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Metropolitan Planning Organization approves area transportation projects

BY JULIA TRUSZKOWSKI | JULY 11, 2013 5:00 AM

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Projecting continued near-future growth throughout Johnson County, area officials are taking the necessary steps now to accommodate additional residents, services, and traffic.

In a Wednesday evening meeting at the North Liberty City Council chamber, 1 Quail Creek Circle, the Metropolitan Planning Organization approved several major transportation projects, that when finished, are expected to provide greater connection between local municipalities.

Full-agenda decisions garnered unanimous approval for the group, composed of officials from Iowa City, Coralville, North Liberty, Tiffin, University Heights, the University of Iowa, Johnson County, and the Iowa City School District.

In all, the Burlington Street Median Project, Dubuque Street/I-80 Pedestrian Bridge, as well as expansion of the Clear Creek Trail into further city limits of Coralville and Tiffin moved forward.

The original Burlington Street Median Project, which will bring sweeping pedestrian access across the busy street in the form of additional plantings and a median strip, was originally reserved to Burlington Street itself.

In lining up with the 2012-20 Road Projects list, however, officials extended work to Gilbert Street and Riverside Drive.

Final costs for the project were unavailable as of Wednesday evening.

The second Iowa City project, the Dubuque Street/I-80 Pedestrian Bridge project, was originally set to receive $547,398 in secured funding secured.

But with traffic counts and area population levels on the rise, a total of nearly $1.79 million in aid was granted.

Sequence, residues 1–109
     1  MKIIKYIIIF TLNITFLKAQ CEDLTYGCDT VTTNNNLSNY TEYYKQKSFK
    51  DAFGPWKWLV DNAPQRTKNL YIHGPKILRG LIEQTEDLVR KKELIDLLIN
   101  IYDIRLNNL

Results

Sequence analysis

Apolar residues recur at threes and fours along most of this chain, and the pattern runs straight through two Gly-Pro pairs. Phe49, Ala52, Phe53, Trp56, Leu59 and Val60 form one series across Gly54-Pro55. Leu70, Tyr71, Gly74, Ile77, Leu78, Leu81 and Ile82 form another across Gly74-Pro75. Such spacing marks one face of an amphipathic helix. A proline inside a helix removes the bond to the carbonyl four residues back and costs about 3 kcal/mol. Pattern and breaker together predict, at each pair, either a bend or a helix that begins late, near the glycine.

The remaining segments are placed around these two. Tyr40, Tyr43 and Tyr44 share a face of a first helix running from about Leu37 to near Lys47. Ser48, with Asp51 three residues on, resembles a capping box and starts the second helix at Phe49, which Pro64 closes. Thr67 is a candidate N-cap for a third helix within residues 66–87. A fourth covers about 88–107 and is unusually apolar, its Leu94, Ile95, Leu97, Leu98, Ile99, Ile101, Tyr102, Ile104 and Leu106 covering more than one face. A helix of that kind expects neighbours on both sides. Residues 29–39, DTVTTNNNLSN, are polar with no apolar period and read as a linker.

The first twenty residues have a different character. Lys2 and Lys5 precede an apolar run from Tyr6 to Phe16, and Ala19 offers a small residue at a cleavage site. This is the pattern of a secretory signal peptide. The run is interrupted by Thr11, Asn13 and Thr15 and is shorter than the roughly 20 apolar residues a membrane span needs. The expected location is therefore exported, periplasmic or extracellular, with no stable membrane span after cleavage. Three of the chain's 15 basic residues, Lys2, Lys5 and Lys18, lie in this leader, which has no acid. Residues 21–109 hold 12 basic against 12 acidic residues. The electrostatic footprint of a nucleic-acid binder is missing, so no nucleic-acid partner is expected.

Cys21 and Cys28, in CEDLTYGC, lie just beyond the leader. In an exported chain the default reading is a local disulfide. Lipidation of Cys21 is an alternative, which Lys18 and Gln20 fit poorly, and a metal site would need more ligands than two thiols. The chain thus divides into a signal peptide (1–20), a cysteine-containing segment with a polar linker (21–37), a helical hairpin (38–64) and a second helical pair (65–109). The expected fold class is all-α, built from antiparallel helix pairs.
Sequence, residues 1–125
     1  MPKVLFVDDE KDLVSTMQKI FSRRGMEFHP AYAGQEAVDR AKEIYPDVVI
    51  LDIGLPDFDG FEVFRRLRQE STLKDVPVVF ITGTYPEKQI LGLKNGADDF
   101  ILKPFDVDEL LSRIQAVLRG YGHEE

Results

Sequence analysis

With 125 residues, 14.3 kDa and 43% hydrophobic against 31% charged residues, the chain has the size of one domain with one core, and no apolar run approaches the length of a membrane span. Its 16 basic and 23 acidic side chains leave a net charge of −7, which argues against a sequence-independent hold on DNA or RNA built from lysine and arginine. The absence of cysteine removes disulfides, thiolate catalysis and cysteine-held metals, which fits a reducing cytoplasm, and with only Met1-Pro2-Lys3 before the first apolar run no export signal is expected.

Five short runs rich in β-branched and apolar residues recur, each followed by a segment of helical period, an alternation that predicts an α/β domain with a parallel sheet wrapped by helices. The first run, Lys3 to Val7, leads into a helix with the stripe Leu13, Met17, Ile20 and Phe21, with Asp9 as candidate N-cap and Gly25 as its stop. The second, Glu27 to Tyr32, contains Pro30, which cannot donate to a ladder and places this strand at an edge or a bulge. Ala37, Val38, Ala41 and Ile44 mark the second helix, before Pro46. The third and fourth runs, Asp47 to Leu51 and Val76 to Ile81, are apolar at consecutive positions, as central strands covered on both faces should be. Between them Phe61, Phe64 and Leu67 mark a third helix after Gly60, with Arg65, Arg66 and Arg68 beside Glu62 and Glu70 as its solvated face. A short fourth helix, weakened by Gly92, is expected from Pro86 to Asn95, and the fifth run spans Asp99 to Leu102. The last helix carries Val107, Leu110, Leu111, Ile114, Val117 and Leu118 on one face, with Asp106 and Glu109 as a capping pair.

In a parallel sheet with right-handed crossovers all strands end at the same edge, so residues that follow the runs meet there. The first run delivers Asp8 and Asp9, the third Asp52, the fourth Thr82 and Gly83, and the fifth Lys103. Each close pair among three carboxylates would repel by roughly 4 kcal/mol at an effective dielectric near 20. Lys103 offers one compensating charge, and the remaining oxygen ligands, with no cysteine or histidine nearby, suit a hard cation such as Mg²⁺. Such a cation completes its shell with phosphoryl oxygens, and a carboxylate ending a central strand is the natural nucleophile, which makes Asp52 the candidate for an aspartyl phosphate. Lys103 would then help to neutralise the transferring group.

The development of projects in the urban area is driven by increased transit over the years for all transportation systems, leading Johnson County to have the highest bicycle ridership of all Iowa counties, said John Yapp, the executive director of the Metropolitan Planning Organization of Johnson County.

“Connectivity is a big part of the story,” he said. “As transportation planners, instead of adding capacity, it’s important to increase connectivity and give people more options for what routes they take.”

The seventh phase of the Coralville’s Clear Creek Trail is to be added to the 2012-20 Bicycle and Pedestrian Projects list. It is to receive $621,578 in funding.

The Clear Creek Trail in the town limits of Tiffin is also to be added to the 2012-20 Bicycle and Pedestrians List, receiving $148,922 in funding.

Both a seventh phase leg of the Coralville’s Clear Creek Trail and expansion into the city of Tiffin, as part of the 2012-20 Bicycle and Pedestrian Projects list, received $621,578 and $148,922 in respective funds.

So what about additional projects currently in the construction pipeline not included in the funding provisions?

Assistant Transportation Planner Kris Ackerson said they’re numerous.

Such projects are not limited to the expansion of Lower Muscatine Road into a continuous cross section, the Iowa Interstate Railroad Grade Separation, Highway 965 geometric improvements, and the expansion of the two-lane segments on Coral Ridge Avenue to a four-lane road with additional turn lanes.

Additionally, the city of Iowa City is developing an $880,000 trail project along Foster Road to the fast-developing Peninsula Neighborhood.

And a number of highly traveled streets, including Iowa City’s First Avenue, Scott Boulevard, and the joint Camp Cardinal Boulevard Iowa City-Coralville artery, have been vital in reducing traffic volumes on other streets, Yapp said.

Discussion of additional projects will continue at the next board meeting, set for Sept. 11.

As fast-growing North Liberty nears its 100-year birthday, city officials say they are working hard to tackle traffic volumes and boons in residential construction.

Notable examples, assistant city administrator Tracey Mulcahey said, lie in a $3.4 million North Liberty Library expansion and the 40-acre West Side Park.

“The metropolitan area has done a wonderful job continuing to invest in trails and sidewalks,” Yapp said. “People don’t have to come to downtown Iowa City for their daily needs anymore. They can find facilities closer to their residences.”


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